Palmitoylethanolamide Stimulation Induces Allopregnanolone Synthesis in C6 Cells and Primary Astrocytes: Involvement of Peroxisome‐Proliferator Activated Receptor‐α

@article{Raso2011PalmitoylethanolamideSI,
  title={Palmitoylethanolamide Stimulation Induces Allopregnanolone Synthesis in C6 Cells and Primary Astrocytes: Involvement of Peroxisome‐Proliferator Activated Receptor‐$\alpha$},
  author={Giuseppina Mattace Raso and Emanuela Esposito and Sergio Vitiello and Anna Iacono and Anna Santoro and Giuseppe D'Agostino and Oscar Sasso and Roberto Russo and P. V. Piazza and Antonio Calignano and Rosaria Meli},
  journal={Journal of Neuroendocrinology},
  year={2011},
  volume={23}
}
Palmitoylethanolamide (PEA) regulates many pathophysiological processes in the central nervous system, including pain perception, convulsions and neurotoxicity, and increasing evidence points to its neuroprotective action. In the present study, we report that PEA, acting as a ligand of peroxisome‐proliferator activated receptor (PPAR)‐α, might regulate neurosteroidogenesis in astrocytes, which, similar to other glial cells and neurones, have the enzymatic machinery for neurosteroid de novo… 
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TLDR
This review mobilizes a considerable number of findings that discuss miscellaneous axes, covering the detailed expression pattern of PPARα in species and tissues, the lessons from several PPAR α KO mouse models and the modulation ofPPARα function by dietary micronutrients.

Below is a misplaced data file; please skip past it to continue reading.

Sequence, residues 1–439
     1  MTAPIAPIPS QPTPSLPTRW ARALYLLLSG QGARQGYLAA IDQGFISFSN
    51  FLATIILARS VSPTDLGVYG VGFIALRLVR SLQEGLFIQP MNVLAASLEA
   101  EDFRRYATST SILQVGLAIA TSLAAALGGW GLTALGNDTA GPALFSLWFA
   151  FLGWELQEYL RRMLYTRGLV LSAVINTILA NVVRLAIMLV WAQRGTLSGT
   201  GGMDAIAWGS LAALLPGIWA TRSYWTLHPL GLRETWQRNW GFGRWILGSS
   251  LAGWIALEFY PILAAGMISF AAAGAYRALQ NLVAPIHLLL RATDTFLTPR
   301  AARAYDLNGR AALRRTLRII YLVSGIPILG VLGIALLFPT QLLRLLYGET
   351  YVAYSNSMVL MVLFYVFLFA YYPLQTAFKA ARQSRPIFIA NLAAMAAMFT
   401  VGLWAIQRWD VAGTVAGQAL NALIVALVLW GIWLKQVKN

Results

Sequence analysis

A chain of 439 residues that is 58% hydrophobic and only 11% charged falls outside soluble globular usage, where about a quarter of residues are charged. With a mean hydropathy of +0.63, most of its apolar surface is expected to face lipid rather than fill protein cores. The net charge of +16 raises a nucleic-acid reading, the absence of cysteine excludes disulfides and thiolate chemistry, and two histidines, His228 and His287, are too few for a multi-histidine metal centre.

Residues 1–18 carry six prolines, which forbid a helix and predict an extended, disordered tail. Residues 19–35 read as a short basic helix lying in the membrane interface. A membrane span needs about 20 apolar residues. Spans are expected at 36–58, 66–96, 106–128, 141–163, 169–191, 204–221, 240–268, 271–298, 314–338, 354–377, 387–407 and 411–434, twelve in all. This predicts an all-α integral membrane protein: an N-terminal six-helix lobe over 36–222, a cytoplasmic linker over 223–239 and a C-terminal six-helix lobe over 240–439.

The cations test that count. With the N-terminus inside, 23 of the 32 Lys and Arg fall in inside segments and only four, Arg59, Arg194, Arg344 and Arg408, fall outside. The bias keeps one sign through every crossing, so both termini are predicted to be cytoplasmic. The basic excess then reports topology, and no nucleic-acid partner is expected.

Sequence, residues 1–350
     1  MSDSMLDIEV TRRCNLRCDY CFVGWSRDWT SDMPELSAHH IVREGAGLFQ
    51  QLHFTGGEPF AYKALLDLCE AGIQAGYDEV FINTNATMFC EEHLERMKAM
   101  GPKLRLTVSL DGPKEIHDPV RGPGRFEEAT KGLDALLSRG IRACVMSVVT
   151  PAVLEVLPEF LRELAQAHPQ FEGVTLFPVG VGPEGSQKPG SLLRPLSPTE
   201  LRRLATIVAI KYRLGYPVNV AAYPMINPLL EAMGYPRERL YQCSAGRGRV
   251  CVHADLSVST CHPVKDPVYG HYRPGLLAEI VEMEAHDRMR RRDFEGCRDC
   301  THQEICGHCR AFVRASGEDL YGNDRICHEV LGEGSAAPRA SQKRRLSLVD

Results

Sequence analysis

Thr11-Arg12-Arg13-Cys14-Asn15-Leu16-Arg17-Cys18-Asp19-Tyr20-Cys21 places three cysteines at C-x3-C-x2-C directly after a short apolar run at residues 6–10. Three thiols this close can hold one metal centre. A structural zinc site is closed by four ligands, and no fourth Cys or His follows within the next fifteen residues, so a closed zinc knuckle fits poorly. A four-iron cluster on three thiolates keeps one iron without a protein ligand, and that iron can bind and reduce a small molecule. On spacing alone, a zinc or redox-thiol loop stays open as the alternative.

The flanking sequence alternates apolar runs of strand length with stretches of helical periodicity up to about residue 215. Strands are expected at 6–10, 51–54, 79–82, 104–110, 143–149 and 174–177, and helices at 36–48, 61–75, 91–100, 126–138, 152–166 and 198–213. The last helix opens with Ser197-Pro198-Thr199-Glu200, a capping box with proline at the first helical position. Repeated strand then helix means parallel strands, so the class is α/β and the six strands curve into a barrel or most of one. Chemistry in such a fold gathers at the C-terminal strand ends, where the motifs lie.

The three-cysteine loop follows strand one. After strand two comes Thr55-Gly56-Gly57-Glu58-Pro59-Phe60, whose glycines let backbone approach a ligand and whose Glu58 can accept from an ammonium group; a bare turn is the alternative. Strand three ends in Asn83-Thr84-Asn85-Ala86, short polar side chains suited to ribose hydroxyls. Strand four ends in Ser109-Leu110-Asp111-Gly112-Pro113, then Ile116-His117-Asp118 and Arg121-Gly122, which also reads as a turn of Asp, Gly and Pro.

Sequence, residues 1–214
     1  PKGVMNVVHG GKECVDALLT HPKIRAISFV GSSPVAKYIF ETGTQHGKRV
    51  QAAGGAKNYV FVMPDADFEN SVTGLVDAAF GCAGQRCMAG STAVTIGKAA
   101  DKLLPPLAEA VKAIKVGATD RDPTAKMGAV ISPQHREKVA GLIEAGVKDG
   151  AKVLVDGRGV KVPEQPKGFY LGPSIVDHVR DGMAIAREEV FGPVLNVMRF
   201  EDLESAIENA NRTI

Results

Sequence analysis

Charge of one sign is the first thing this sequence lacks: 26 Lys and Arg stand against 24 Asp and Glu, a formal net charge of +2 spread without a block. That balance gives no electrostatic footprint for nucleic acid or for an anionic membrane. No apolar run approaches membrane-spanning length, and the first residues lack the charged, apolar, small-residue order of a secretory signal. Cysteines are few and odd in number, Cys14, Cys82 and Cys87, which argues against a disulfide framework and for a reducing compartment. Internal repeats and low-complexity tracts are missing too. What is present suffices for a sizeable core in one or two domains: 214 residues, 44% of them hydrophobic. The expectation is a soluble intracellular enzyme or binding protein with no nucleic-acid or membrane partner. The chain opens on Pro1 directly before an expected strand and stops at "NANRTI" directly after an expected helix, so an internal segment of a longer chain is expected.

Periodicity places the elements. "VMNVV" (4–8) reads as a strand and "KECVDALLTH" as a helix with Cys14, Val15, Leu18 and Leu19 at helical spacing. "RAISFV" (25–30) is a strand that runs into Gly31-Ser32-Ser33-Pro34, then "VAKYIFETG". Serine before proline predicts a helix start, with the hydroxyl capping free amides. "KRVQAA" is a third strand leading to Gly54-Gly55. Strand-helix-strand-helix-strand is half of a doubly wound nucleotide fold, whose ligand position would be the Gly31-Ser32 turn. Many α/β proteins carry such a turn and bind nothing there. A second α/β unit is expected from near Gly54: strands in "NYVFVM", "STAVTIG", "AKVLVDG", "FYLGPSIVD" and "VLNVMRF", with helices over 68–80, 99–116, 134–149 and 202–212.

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Allopregnanolone attenuates Aβ25-35-induced neurotoxicity in PC12 cells by reducing oxidative stress.
  • X. Qian, H. Cao, Jun Li
  • Biology, Chemistry
    International journal of clinical and experimental medicine
  • 2015
TLDR
It is demonstrated that Allopregnano-lone (APα), a neurosteroid derive from neuroactive progesterone, exerts a protective effect against Aβ25-35-induced neurotoxicity in PC12 cells.
Neuroprotective Activities of Palmitoylethanolamide in an Animal Model of Parkinson's Disease
TLDR
Chronic treatment with palmitoylethanolamide (PEA) protects against MPTP-induced neurotoxicity and the ensuing functional deficits even when administered once the insult has been initiated, and chronic PEA reversedMPTP-associated motor deficits.
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